1 0 0 0 -1 0 1000000000 --> 0.83789 -0.54584 0


In this case , the orbit is perfectly circular with period 2*pi, so after circling 159154943 times, the cat ends up at approximately (0.83789, -0.54584). This isn't a test case your code will be tested on; if you submit a perfectly accurate answer, however, you may want to test it on this.

The snippet below generates random additional test cases and will be used to judge submissions; let me know if there is a bug with this:

var generateTestCase = function() {
var periapsis = Math.random() * 10 + 0.5;
var circularVelocity = Math.sqrt(1 / periapsis);
var escapeVelocity = Math.sqrt(2) * circularVelocity;
var v = Math.random() * (escapeVelocity - circularVelocity) + circularVelocity;
var a = 1 / (2 / periapsis - v * v);
var ecc = (a - periapsis) * (2 / periapsis - v * v);
var semiLatus = a * (1 - ecc * ecc);
var angM = Math.sqrt(semiLatus);
var period = 2 * Math.PI * a * Math.sqrt(a);
var getCoordAfterTime = function(t) {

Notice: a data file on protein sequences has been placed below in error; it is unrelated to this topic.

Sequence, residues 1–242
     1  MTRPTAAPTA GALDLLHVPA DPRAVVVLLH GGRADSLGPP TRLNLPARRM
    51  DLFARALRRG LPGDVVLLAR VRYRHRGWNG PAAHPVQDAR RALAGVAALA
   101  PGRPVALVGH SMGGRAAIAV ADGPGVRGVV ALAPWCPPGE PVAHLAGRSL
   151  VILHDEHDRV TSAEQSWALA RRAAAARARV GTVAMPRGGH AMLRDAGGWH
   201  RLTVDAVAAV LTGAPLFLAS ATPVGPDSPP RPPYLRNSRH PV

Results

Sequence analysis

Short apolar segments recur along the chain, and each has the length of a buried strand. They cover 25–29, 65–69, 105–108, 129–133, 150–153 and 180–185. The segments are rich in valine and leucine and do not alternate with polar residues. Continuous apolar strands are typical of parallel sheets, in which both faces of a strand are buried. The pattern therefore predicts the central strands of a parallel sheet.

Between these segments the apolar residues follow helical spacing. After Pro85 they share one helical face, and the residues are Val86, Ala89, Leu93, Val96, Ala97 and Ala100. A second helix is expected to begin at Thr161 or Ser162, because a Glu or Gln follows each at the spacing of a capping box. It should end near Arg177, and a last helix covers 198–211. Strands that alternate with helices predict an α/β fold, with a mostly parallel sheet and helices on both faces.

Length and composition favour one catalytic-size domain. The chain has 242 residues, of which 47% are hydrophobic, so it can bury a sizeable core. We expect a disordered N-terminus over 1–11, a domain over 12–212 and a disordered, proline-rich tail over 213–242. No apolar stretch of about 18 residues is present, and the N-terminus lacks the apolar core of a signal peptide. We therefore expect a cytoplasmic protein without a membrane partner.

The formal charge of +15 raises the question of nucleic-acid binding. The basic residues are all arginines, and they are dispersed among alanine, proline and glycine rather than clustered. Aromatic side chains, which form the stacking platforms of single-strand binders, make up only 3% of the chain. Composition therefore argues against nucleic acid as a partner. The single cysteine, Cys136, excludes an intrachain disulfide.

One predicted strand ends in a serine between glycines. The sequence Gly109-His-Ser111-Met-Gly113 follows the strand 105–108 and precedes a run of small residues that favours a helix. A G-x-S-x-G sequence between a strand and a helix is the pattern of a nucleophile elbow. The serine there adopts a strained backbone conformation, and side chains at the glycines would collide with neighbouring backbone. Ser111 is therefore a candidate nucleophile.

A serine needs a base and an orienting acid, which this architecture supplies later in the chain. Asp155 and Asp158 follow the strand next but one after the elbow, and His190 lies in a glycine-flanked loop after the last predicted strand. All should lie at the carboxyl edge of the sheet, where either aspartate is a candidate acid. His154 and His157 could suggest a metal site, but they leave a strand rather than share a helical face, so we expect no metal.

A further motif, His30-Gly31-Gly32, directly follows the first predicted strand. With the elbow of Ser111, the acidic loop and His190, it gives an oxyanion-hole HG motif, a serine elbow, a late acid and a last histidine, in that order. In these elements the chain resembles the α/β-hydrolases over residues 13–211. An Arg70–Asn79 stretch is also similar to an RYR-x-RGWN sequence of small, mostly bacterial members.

var meanAnomaly = t / (a * Math.sqrt(a));

function E(e, M, n) {
var result = M;
for (var k = 1; k <= n; ++k) result = M + e * Math.sin(result);
return result;
}
var eAnomaly = E(ecc, meanAnomaly, 10000);
var radius = a * (1 - ecc * Math.cos(eAnomaly));
var theta = Math.acos((semiLatus / radius - 1) / ecc);
if (t > period / 2) theta = -theta;
return {
t: theta,
};
}
var t1 = Math.random() * period;
var p1 = getCoordAfterTime(t1);
var v1 = Math.sqrt(2 / p1.r - 1 / a);
var velocityAngle1 = Math.acos(angM / p1.r / v1);
var horizontal = Math.atan(-p1.x / p1.y);
if (t1 < period / 2) {
velocityAngle1 *= -1;
horizontal += Math.PI;
}
var vx = v1 * Math.cos(horizontal + velocityAngle1);
var vy = v1 * Math.sin(horizontal + velocityAngle1);
var t2 = Math.random() * period;
var p2 = getCoordAfterTime(t2);
var v2 = Math.sqrt(2 / p2.r - 1 / a);
var dummyPeriods = Math.floor(Math.random() * 100) * period + period;
var rotate = function(x, y, z, th1, th2, th3) {
var x1 = x * Math.cos(th1) - y * Math.sin(th1);
var y1 = x * Math.sin(th1) + y * Math.cos(th1);
var z1 = z;
var x2 = x1 * Math.cos(th2) + z1 * Math.sin(th2);
var y2 = y1;
var z2 = -x1 * Math.sin(th2) + z1 * Math.cos(th2);
var x3 = x2;
var y3 = y2 * Math.cos(th3) - z2 * Math.sin(th3);
var z3 = y2 * Math.sin(th3) + z2 * Math.cos(th3);
return [x3, y3, z3];
}
var th1 = Math.random() * Math.PI * 2,
th2 = Math.random() * 2 * Math.PI,
th3 = Math.random() * 2 * Math.PI;
var input = rotate(p1.x, p1.y, 0, th1, th2, th3)
.concat(rotate(vx, vy, 0, th1, th2, th3))